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jamie92208

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jamie92208 last won the day on July 25

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  • Location
    Charente Maritime, France
  • Interests
    Midland railway, Horse trams, Church
    Cycling

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  1. You get someone else to build it for you. Jamie
  2. From fading memory, the local all stations service to Carlisle finished in 72, I remember riding it just before it finished and the driver let me come in the cab for the whole ride. He regaled me with stories of driving snow plough trains in the 62/63 winter. Anyway the down platform was removed after that. Dales Rail started up in about 76 or 77 and it had gone by then. The Friends of the S & C campaigned hard for reinstatement and I think it got done after Michael Portillo 'saved' the line. Hope the history isn't boring eveyrone. I grew up at Giggleswick with a view of 2 m
  3. Lots of You tube videos of such things happening I came across one on how to restore a vice, and it wasn't the type of vice that needed an age restriction. Jamie
  4. My apologies I looked at the wrong image, however with the lime coated buildings in the background I would go for Horton. The quarry there was a big operation and there were buildings in that area between the kilns and the main line. Sorry about the confusion. Jamie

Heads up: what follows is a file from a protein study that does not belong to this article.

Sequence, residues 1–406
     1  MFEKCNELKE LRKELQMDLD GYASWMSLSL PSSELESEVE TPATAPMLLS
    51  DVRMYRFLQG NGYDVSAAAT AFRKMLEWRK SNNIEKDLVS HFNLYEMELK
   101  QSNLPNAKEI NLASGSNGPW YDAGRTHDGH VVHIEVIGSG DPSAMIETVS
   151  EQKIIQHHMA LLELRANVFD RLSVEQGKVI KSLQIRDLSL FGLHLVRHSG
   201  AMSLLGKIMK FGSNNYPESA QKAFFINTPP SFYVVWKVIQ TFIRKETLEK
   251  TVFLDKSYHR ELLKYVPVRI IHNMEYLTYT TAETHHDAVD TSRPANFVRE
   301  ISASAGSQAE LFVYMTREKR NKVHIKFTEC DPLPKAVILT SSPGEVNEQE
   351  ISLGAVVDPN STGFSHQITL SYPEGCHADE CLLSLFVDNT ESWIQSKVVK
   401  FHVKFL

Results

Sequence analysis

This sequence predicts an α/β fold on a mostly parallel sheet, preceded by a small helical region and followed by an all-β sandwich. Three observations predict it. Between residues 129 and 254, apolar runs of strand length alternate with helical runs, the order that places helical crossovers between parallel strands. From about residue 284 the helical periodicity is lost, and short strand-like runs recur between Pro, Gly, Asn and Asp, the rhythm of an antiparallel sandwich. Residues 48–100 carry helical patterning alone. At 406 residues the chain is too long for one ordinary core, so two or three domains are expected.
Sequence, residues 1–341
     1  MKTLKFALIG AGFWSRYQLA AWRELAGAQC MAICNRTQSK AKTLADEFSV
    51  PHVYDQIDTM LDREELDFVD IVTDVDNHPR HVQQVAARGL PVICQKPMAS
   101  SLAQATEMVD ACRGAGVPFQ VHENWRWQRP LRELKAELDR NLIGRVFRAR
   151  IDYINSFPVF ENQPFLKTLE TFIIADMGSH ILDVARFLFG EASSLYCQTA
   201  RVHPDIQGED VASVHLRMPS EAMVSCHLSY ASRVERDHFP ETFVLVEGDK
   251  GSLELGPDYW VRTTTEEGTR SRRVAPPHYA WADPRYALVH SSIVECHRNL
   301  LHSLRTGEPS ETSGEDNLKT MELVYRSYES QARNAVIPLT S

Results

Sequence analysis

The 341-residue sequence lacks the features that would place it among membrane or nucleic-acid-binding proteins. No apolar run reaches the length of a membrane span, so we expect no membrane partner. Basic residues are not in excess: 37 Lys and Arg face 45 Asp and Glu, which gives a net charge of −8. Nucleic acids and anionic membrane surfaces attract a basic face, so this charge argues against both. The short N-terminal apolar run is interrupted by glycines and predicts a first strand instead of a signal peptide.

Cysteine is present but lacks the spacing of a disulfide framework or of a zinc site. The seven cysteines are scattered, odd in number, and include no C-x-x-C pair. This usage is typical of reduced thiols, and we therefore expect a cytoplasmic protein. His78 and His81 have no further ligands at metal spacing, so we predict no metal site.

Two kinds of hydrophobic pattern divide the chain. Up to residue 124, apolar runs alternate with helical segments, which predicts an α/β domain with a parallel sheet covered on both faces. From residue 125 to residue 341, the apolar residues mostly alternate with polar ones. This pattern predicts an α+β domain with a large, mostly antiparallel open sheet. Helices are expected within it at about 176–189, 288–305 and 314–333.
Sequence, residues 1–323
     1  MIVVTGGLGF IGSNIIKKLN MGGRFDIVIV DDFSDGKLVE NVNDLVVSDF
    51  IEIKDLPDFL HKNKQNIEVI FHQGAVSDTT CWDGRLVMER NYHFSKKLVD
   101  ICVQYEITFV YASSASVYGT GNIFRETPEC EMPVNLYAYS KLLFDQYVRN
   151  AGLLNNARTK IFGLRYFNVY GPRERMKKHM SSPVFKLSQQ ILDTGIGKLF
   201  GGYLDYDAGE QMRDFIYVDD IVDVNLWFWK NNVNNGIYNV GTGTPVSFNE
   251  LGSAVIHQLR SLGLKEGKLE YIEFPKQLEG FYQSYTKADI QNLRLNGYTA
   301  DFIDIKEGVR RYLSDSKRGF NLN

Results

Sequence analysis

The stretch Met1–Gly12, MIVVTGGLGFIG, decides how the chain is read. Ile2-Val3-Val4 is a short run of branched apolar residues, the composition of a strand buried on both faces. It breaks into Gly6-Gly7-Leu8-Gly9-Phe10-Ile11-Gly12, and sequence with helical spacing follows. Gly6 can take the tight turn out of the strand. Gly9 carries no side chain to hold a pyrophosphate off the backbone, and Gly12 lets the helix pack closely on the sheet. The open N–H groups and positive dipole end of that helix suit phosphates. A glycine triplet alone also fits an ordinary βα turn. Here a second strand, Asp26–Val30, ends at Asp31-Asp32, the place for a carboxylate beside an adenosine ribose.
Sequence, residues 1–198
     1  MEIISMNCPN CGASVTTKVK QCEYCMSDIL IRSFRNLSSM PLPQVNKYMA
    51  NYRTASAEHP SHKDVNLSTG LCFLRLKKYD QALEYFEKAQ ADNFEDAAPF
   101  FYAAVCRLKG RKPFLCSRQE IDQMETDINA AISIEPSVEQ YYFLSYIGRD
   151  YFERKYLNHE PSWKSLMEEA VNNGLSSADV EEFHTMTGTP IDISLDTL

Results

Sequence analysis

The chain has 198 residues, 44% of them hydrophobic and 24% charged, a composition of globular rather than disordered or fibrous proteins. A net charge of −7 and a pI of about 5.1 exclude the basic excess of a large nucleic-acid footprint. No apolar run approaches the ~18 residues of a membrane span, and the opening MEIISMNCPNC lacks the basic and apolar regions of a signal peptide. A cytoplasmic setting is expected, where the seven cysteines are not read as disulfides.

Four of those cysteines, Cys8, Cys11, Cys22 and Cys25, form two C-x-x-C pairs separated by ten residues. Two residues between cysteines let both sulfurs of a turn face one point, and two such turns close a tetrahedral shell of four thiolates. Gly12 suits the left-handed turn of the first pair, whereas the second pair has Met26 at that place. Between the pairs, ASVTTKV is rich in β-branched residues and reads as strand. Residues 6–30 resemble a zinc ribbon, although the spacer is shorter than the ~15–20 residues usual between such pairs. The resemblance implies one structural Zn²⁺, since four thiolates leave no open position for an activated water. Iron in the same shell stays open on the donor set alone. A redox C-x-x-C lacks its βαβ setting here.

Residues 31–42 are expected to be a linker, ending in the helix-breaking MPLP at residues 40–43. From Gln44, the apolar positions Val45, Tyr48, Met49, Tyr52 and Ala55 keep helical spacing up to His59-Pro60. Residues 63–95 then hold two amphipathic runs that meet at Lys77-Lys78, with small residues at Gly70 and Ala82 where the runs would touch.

5. I'm not sure when the quarry at Ribblehead closed down. At that time the down platform was opposite the up platform. The quarry then closed but was reopened as a loading point for granite from Ingleton sometime, I think in the early 70's. The down platform was demolished and a new conne tion put in with the points where the down platform used to be. When Dales Rail started the northbound trains couldn't stop at Ribblehead. A new platform in the current position was built later. I've no memory of what buildings were there. However Horton was a much bigger quarry and the buildings w
  6. It looks more Settle and Carlisle to me probably at the northern end that I don't know so well. There appears to be some large industrial buildings to the right behind the loco. On a second look Horton in Ribblesdale and possibly Ribblehead when the quarry was still operating look like possibilities. Jamie
  7. That must have been the one near Christmas. An ex US Marine ISTR, a bad do. As to the various invites. We hope to travel once safe after Vaccinations. A coffee at Sarthe sounds a great idea. The Muddy Hollow is not too far from Stafford and we hope to spend a night or two with a friend there on our way back home. Sounds like a plan is coming together. Jamie
  8. Good evening. Starting wing tonight with another of Tornado, doing what it was built to do. Then we move on to the 20th October and another day out to Glasgow. Our first destination was Lanark which seemed a fairly bleak place. However there was some sort of track machine in the other platform to add interest. We then set off to do the Hamilton Circle. but I didn't get any photos there. However Hamilton was devoid of any obvious Academicals but we did find proof that the missing link is alive and breeding in the area, at least three specimens were